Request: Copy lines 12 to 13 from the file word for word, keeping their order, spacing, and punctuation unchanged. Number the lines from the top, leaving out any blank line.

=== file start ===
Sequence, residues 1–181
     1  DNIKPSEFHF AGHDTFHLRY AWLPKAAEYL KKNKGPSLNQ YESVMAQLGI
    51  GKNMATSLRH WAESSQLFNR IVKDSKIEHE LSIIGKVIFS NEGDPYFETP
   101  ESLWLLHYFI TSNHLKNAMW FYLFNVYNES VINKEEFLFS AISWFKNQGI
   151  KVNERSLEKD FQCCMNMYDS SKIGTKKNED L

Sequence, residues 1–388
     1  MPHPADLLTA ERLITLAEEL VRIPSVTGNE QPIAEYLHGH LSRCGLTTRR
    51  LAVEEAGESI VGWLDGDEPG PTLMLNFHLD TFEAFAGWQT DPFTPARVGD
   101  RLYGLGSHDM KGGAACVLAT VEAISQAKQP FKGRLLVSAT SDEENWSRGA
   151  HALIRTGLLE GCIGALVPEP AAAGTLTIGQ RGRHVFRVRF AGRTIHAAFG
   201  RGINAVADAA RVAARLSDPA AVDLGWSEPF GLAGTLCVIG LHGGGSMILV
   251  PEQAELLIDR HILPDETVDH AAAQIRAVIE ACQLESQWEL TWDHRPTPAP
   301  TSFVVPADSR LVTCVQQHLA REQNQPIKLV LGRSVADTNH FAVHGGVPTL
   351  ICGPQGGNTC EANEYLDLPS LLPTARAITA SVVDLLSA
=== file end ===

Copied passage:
   251  PEQAELLIDR HILPDETVDH AAAQIRAVIE ACQLESQWEL TWDHRPTPAP
   301  TSFVVPADSR LVTCVQQHLA REQNQPIKLV LGRSVADTNH FAVHGGVPTL